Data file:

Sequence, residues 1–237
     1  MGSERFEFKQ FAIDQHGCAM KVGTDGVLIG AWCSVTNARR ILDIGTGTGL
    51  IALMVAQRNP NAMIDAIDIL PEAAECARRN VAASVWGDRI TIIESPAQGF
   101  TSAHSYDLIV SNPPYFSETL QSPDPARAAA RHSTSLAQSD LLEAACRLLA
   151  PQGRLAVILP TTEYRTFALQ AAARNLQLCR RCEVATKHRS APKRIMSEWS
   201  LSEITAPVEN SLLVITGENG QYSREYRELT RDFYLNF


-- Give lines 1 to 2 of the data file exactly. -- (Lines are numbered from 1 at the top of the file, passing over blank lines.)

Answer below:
Sequence, residues 1–237
     1  MGSERFEFKQ FAIDQHGCAM KVGTDGVLIG AWCSVTNARR ILDIGTGTGL